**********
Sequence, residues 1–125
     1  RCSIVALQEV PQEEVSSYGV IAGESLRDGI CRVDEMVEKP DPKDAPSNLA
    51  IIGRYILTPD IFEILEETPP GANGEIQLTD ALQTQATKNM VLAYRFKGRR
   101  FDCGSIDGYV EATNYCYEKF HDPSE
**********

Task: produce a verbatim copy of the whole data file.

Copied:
Sequence, residues 1–125
     1  RCSIVALQEV PQEEVSSYGV IAGESLRDGI CRVDEMVEKP DPKDAPSNLA
    51  IIGRYILTPD IFEILEETPP GANGEIQLTD ALQTQATKNM VLAYRFKGRR
   101  FDCGSIDGYV EATNYCYEKF HDPSE